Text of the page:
Of the sporting events that we no longer have in Canberra, some had a long run of many years while others burned brightly but briefly.
Even driving to the coast, there are frequent reminders of yesteryears’ sporting events.
Wherever there are road works and the concrete barriers are rolled out, the signage on the side of the bollards is an instant reminder of the Canberra GMC 400. The barriers were an integral component of this V8 Supercar race that lasted just three years into a five-year contract.
The street circuit through the Parliamentary Triangle, designed by Mark Skaife, was the venue for the event between 2000 and 2002 before it was halted because of concerns over government expenditure on the race.
The race livened up the city in more ways than one. It attracted thousands of motorsport fans to Canberra over the Queen’s Birthday June long weekend. It also resulted in a surge of calls to talkback radio and letters to the editor over the disruption to the daily commute, the cost, and noise and air pollution concerns.
The Birdman Rally was another attraction that saw thousands flock to the slopes of Regatta Point to watch enthusiasts jump off a 10-metre platform in homemade flying machines.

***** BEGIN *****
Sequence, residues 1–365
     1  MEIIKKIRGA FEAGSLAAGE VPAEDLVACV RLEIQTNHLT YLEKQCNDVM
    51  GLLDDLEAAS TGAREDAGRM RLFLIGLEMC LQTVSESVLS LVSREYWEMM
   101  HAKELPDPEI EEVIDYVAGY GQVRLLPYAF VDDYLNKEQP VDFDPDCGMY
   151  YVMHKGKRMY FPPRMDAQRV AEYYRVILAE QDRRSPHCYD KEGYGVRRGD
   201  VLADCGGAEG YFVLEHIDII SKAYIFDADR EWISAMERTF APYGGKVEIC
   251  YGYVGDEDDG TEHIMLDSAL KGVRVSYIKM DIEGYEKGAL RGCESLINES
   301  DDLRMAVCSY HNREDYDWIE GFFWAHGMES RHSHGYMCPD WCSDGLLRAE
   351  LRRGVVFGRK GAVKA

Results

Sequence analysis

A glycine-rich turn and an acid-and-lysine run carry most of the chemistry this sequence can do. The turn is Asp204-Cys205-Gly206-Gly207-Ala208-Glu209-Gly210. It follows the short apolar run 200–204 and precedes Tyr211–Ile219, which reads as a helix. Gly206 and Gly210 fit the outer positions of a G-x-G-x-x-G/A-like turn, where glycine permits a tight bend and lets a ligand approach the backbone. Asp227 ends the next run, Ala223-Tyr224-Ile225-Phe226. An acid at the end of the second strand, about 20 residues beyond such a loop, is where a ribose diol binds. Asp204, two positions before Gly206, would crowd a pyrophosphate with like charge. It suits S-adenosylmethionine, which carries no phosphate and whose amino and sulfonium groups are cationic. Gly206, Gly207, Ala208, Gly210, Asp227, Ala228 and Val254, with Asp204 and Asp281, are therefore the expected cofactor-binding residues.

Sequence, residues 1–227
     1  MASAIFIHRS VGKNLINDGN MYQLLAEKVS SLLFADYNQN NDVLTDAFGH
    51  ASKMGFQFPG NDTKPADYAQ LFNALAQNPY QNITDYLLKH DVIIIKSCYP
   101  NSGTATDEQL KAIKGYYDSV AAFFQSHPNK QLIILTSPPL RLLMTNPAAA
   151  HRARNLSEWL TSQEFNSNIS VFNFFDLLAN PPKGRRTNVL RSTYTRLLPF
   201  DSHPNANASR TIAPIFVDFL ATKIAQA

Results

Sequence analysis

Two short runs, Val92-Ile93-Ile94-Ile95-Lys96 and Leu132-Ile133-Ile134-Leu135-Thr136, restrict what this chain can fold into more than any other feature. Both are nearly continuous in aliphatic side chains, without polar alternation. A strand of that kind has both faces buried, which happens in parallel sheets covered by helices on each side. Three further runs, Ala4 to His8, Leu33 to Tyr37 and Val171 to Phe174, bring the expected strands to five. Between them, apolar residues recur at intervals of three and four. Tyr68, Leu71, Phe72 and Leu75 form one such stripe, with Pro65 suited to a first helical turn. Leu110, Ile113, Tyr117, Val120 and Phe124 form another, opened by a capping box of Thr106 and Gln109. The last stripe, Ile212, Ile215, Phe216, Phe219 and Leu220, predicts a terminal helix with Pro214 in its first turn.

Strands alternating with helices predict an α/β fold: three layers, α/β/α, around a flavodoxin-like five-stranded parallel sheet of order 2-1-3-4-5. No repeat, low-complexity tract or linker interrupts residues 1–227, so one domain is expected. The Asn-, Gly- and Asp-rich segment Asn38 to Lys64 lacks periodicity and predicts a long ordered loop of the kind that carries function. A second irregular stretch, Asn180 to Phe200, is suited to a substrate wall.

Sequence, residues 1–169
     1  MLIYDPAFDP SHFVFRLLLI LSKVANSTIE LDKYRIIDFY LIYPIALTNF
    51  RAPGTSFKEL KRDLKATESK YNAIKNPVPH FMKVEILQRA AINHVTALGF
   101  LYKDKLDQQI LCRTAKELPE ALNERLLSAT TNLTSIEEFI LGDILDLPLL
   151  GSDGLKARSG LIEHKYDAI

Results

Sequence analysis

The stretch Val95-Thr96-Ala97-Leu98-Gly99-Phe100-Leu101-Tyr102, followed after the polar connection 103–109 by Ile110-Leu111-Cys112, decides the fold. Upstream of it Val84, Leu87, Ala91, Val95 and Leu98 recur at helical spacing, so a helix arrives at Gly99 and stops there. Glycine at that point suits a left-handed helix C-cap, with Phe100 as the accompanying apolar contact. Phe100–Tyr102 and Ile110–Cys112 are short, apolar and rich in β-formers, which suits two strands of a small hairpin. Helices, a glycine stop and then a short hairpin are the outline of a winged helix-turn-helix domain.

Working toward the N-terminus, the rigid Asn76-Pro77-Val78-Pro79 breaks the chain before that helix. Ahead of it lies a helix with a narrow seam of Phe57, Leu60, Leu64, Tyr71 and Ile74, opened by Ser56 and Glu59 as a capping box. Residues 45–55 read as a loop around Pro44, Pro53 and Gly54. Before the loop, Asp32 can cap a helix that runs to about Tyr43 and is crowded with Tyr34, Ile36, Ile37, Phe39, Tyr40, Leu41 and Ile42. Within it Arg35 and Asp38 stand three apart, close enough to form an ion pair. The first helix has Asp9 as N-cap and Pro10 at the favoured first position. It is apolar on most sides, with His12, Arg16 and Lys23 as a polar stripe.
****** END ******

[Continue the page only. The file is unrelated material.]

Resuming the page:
In 1991 we watched the late George Reekie aboard his handmade fibreglass and foam glider. He successfully flew 50 metres and pocketed the $20,000 in prize money. His was a rare success. Others on that day simply plummeted straight into the lake from the platform. (Visit NFSA for the full glory of the Birdman Rally – and the epic crowd – of the much-loved competition.)
On reflection, it’s probably not a surprise that the Birdman Rally met its own watery grave in 1992 due to costs, including primarily, and not surprisingly, public liability insurance.
For many years the Commonwealth Bank Cycling Classic, featuring a number of the world’s top riders in a race down the east coast of Australia, had Canberra as the final stage in October.
Thousands cheered behind makeshift barriers with cyclists jostling for positions at high speed along the criterion circuit created through the streets of Civic. The race came to its demise almost 20 years ago with the loss of sponsorship among the reasons for the end.
The ANZ Tour Golf Championship took place at Royal Canberra for three years from 1998 to 2000 featuring the top players on the men’s Australasian tour at the end of the year. Sadly for golf fans, it only lasted three years.
Royal Canberra, of course, hosted the Australian Ladies Open in 2013. But it could be many years before it returns due to the competitive nature of bidding for the rights to host major tournaments.
There are other events that Canberra has hosted including the Masters Games in 1997 and 2003, attracting many thousands of competitors to our city.
Although the examples given here have been relegated to history for various reasons, they clearly say something about the capacity of Canberra to successfully host a plethora of unique and diverse sports.